The Ethereum-compatible Layer 1 network is home to a thriving DeFi ecosystem and has become a favorite among some of the crypto industry’s most productive builders. Fantom is a Proof-of-Stake network at Layer 1 with cheap transaction costs and speedy finality. Fantom has amassed a significant DeFi ecosystem of both indigenous and Ethereum-native applications since its inception in 2019.

What Exactly Is Fantom?

Fantom is one of the Layer 1 blockchain alternatives that gained momentum in 2021. The network has attracted many users and developers who were previously priced out of utilizing Ethereum because to its hefty gas expenses.

To reach agreement, the Fantom base chain employs Directed Acyclic Graphs. It protects an extra execution layer known as Fantom Opera, which handles more particular and complicated functions. Today, most people refer to Fantom Opera as the home of the blockchain’s DeFi ecosystem. Opera is the first execution layer developed on Fantom and is compatible with the Ethereum Virtual Machine.

This implies that developers may build, deploy, and operate solidity-based smart contracts on Fantom in the same way that they would on Ethereum. Fantom’s interoperability with Ethereum has also aided development by allowing developers to quickly move apps from Ethereum to Fantom with minimum modifications to the underlying technology.

Fantom, like other Layer 1 blockchains, has a Proof-of-Stake validation process. There is no minimum bet: players may earn prizes with only one FTM. Those staking less must, however, delegate their tokens to a validator node. The current minimum stake to run a node is 500,000 FTM. Because of its Lachesis consensus method, the Fantom validation mechanism is fast and leaderless. Fantom does not employ single validators to determine which transactions are legitimate in each block; instead, it relies on network-wide agreement.

By eliminating leaders, the bulk of transaction processing is no longer reliant on the validators with the most tokens, as is the case with other Proof-of-Stake chains like Solana and Avalanche. This strengthens Fantom’s decentralization and, as a result, security play an equal role when participating in the consensus protocol.

Since Fantom is Ethereum-compatible, it may also be accessible using popular Web3 wallets like as MetaMask. To connect to Fantom, users just add the Fantom Opera network to MetaMask.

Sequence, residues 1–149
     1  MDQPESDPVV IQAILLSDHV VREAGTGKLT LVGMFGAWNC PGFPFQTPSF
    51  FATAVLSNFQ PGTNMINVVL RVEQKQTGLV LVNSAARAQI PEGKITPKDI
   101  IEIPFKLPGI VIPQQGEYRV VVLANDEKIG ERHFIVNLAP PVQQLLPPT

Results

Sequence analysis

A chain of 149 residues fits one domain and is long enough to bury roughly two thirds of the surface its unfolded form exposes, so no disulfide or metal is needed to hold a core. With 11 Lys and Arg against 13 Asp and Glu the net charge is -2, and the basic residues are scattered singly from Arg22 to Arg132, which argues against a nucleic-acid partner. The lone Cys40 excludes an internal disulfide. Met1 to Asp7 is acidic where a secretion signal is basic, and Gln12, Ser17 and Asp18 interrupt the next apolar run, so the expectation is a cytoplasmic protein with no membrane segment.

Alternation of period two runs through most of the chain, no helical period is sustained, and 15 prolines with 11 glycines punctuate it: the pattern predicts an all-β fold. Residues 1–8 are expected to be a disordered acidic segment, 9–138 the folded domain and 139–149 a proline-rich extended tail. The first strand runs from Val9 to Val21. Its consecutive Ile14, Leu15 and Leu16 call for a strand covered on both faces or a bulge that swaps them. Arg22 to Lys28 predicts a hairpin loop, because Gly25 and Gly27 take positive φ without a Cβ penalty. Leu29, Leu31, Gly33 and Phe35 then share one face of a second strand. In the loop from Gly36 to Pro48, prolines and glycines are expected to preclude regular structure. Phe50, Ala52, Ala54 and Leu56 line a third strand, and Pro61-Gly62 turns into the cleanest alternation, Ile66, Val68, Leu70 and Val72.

Fantom Decentralized Exchanges

Fantom presently offers two prominent decentralized exchanges where users may exchange assets and provide liquidity. SpookySwap is the most popular of the two. With over $1 billion in total value locked, it is now the largest native DeFi protocol on Fantom.

SpookySwap’s user interface is simple and straightforward, giving it an excellent spot to begin exploring the network’s DeFi environment. Swapping operates much as it does on other automated market makers: users choose the assets to exchange and the amount to swap then make the trade.

Before submitting trades, the SpookySwap trading interface offers valuable information such as potential slippage, price effect, and fees. Limit orders for asset pairings can also be created by expert users. By providing liquidity to SpookySwap’s pools, users may earn the BOO token and trading fees. BOO stakers earn 0.03% of exchange fees, therefore the amount of incentives handed out grows in tandem with protocol activity.

SpookySwap, on the other hand, does more than just trade. The platform has also created a user-friendly interface for Multichain’s Fantom bridge, which smoothly connects with the exchange. Users may transmit assets to and from Fantom as well as numerous other Ethereum-compatible Layer 1 and Layer 2 networks, such as Binance Smart Chain, Polygon, Arbitrum, and Avalanche, via the bridge.

SpiritSwap, Fantom’s second-largest exchange, has comparable capabilities to SpookySwap and has also incorporated Multichain’s Fantom bridge. SpritSwap’s primary innovation, however, is its inSPIRIT token mechanism.

Liquidity providers that earn the native SPIRIT token of the exchange can lock it on the protocol and obtain inSPIRIT tokens. Like SpookySwap’s BOO token, inSPIRIT holders get a part of the exchange’s fees. Notably, they have the ability to vote on which liquidity pools receive increased yields.

The vesting technique employed by SpiritSwap is comparable to the one used by Curve Finance, Ethereum’s largest DeFi protocol. The longer holders keep their SPIRIT tokens locked up, the more inSPIRIT tokens they will receive, giving them additional voting power. This implies that SPIRIT holders are motivated to keep their tokens for extended periods of time in order to acquire more influence over which yield farms get boosted returns.

Borrowing and lending

Following on from exchanges, the next critical component of Fantom’s DeFi ecosystem is its lending and borrowing platforms. Geist Finance is Fantom’s largest “DeFi bank.” Geist Finance, which debuted in October 2021, is a recent newcomer into Fantom’s DeFi market, but it has swiftly garnered appeal. Geist operates similarly to the Ethereum-native lending protocols Compound and Aave, and has grown to become Fantom’s third-largest protocol as a result of its novel token incentive program.